Every morning in our home, one of the first things I see is a necklace I cherish but have never worn. It is too delicate for that, too meaningful — 264 reminders of what a woman can do when she dares to hope.
Between 1942 and 1945, the United States government forced about 120,000 people into internment camps on American soil. Their only crime was to be Japanese-Americans during World War II. They lost their homes and their jobs, and virtually all of their material possessions. They were ripped from their lives and herded into nearly a dozen camps, with no idea how long they would be imprisoned or if they would ever again be free.
In 1942, 22-year-old Toshiye Morita was sent to an internment camp in Topaz, Utah, along with her parents and six siblings. This particular camp was built on an ancient lakebed, where thousands of seashells remained. They were the detritus of a lake that no longer existed, but to young women like Morita, they were found treasures.
During her three years in the camp, Morita collected hundreds of tiny shells to string together. It was a painstaking process. She matched the shells in size and shape, and lacquered each with nail polish before threading them one at a time.
During her three years in the camp, Toshiye Morita made three necklaces from the shells. Her son, Michael F. Ozaki, discovered them only after she had died, at age 94. She had secreted them away in one of the two suitcases she had packed with evidence of her incarceration and labeled: "Don't Throw Away." Along with the necklaces, Ozaki found photos of his mother and her family on the day they were released in 1945, and a small plastic ID badge that had allowed her to work in the field.
Michael, a retired pediatrician in California, said his mother had always refused to discuss her years in the camp. "Couldn't be helped," was all she would say, in Japanese.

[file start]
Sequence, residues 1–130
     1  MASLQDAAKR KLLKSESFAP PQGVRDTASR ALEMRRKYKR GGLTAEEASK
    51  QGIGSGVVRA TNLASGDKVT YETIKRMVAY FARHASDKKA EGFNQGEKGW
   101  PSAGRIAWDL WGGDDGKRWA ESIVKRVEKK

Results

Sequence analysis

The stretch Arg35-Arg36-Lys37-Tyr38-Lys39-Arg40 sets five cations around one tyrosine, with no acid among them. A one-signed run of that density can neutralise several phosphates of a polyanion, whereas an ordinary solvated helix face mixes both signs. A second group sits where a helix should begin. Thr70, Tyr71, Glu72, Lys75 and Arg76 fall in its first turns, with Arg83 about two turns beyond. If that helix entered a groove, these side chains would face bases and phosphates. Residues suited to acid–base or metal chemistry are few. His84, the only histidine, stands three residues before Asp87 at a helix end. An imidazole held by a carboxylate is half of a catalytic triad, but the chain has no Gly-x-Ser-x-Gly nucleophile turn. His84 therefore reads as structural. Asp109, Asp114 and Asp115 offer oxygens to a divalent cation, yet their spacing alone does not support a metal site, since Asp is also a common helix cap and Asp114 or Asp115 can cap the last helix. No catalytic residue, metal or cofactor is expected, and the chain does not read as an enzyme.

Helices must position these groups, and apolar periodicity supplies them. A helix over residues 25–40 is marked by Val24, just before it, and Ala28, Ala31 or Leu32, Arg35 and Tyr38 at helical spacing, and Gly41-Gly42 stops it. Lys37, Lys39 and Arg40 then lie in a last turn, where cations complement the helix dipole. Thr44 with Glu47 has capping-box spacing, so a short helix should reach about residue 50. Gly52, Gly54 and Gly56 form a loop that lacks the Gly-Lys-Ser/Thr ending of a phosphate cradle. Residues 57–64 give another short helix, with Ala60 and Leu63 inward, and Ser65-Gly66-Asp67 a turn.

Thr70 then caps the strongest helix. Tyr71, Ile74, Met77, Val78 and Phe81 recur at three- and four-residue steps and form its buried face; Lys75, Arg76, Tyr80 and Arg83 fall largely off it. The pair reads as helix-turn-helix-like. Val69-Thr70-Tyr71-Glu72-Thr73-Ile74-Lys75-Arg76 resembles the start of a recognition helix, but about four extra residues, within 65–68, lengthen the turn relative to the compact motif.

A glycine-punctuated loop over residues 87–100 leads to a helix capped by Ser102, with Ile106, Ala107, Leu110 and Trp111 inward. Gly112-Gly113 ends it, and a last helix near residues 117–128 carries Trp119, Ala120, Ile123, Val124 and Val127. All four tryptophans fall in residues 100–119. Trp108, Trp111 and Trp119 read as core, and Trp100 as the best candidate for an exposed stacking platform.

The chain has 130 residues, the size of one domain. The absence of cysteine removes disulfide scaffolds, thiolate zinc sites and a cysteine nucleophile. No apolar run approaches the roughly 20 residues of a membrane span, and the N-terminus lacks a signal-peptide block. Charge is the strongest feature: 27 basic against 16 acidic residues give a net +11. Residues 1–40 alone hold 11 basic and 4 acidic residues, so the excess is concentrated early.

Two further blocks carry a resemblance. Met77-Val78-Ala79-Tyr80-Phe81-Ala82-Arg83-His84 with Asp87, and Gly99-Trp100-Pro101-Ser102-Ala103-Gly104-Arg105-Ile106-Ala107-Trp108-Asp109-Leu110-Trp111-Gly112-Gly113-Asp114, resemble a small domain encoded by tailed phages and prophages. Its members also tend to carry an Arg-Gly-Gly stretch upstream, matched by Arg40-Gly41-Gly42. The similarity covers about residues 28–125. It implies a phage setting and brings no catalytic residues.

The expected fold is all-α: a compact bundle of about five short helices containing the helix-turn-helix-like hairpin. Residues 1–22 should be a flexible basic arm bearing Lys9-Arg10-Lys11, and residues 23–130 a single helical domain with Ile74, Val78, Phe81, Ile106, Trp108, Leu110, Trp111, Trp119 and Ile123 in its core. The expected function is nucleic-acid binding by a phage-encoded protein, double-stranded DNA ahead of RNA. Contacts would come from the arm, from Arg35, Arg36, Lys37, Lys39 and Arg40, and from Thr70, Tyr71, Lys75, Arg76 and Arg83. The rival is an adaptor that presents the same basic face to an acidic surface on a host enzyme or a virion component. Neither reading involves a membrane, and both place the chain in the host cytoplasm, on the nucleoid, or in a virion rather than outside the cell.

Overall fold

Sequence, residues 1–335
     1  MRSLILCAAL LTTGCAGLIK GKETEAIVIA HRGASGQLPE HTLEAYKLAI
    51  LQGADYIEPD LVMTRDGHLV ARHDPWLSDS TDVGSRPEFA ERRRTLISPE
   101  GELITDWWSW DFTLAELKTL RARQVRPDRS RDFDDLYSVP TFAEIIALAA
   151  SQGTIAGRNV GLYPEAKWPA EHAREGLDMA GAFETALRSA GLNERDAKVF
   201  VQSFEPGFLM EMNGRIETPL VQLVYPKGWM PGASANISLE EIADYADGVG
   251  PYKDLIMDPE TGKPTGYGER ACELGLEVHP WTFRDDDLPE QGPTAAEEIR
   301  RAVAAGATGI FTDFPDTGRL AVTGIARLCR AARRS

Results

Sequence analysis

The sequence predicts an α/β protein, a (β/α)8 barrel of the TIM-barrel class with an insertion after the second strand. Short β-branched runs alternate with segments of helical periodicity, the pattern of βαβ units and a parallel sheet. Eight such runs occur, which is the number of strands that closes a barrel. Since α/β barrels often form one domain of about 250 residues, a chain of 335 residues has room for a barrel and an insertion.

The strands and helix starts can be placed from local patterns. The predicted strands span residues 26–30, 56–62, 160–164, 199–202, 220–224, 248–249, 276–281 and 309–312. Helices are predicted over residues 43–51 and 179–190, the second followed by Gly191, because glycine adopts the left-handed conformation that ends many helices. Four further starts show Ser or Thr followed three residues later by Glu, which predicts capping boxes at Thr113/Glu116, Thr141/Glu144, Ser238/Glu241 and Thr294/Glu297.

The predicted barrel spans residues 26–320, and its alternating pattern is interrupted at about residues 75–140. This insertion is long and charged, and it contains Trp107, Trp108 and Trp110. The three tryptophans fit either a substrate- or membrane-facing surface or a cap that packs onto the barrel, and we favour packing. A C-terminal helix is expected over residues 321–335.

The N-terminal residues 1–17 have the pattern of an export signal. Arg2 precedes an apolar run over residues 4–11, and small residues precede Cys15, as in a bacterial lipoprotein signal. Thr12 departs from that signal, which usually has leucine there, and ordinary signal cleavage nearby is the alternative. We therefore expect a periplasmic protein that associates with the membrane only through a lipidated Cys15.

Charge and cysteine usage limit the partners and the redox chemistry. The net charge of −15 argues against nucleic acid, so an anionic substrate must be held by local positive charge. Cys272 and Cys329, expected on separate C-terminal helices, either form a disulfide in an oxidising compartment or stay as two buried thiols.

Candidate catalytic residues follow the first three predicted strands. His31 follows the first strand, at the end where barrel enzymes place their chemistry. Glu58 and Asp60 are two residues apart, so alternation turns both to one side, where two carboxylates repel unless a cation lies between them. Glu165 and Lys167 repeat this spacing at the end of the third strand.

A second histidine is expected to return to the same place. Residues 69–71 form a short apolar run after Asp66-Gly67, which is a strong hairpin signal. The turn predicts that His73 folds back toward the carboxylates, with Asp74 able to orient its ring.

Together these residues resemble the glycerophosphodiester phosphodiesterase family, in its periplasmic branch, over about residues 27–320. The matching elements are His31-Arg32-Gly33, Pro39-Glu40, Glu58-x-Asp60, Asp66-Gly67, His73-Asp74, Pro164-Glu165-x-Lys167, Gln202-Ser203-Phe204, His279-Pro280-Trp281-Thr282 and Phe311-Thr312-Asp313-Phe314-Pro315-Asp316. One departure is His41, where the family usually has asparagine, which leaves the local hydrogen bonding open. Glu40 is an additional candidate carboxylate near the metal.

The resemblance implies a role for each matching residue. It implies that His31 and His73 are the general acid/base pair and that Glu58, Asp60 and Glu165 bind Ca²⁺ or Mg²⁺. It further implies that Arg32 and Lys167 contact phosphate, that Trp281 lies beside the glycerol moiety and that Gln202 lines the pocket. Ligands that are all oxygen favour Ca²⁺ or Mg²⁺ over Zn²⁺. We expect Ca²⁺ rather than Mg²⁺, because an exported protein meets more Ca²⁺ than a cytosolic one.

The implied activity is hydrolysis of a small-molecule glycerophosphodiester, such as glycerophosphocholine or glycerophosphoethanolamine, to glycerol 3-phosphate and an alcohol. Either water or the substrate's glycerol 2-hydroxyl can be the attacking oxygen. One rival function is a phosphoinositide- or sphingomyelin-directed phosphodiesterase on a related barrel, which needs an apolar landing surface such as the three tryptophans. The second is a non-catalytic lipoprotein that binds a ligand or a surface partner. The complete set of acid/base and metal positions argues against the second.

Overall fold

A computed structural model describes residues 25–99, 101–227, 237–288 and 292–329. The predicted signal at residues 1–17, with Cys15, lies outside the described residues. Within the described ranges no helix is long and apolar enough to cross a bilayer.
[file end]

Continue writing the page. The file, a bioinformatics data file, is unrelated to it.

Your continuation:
Two years ago, through Michael's generosity, one of his mother's necklaces made its way to me. The 264 white shells are the size of lupine seeds. "You can see how hard she worked on it," he said. "How she found all the shells in the exact same size, and painted them to match."
In the midst of such horror and uncertainty, his mother made this thing of beauty. I look at the necklace and marvel at her resolve. I touch the delicate shells and feel her courage. For what is hope if not an act of bravery, a refusal to surrender when the world is closing in.
Toshiye Morita's necklace also reminds me of our potential for cruelty. What would have happened if American citizens had raised their collective voices to fight for those 120,000 neighbors, friends and fellow citizens?
I know the counterargument: We were a country at war. It was a different time.
Then let us learn from it, and do better now. As John Steinbeck wrote, "It isn't that the evil thing wins — it never will — but that it doesn't die."
What keeps evil alive? Many things, of course. Surely, our indifference is one of them.
In recent months, I have often looked at that single strand of shells and thought of the migrant children who remain in U.S. custody, far away from their parents. At least 500 of the children who were torn from their parents at the border are still here. They have no idea when, or if, they will ever see them again. Some of them are too young to know their parents' names.
There are so many more. As New York Times reporter Caitlin Dickerson wrote earlier this month, "the overall number of detained migrant children has exploded to the highest ever recorded — a significant counternarrative to the Trump administration's efforts to reduce the number of undocumented families coming to the United States."
Right now, she writes, 12,800 migrant children remain in federally contracted shelters. Many of these children are teenagers from Central America. They fled the most dangerous countries in the world — alone — because their parents were willing to do the unthinkable to save their lives. There's not a devoted parent in America who wouldn't do the same thing in the same circumstances and let his or her child go. We should say that out loud. Every day, we should tell someone else.
There's so much going on in our country, so many concerns hovering like ghosts competing for our attention, that it can be overwhelming. But Toshiye Morita's necklace reminds me of who we can be.
All those little shells, so perfectly strung together. At the height of her uncertainty, so clearly a sign of hope.
Connie Schultz is a Pulitzer Prize-winning columnist and professional in residence at Kent State University's school of journalism. She is the author of two books, including "...and His Lovely Wife," which chronicled the successful race of her husband, Sherrod Brown, for the U.S. Senate. To find out more about Connie Schultz ([email protected]) and read her past columns, please visit the Creators Syndicate webpage at www.creators.com.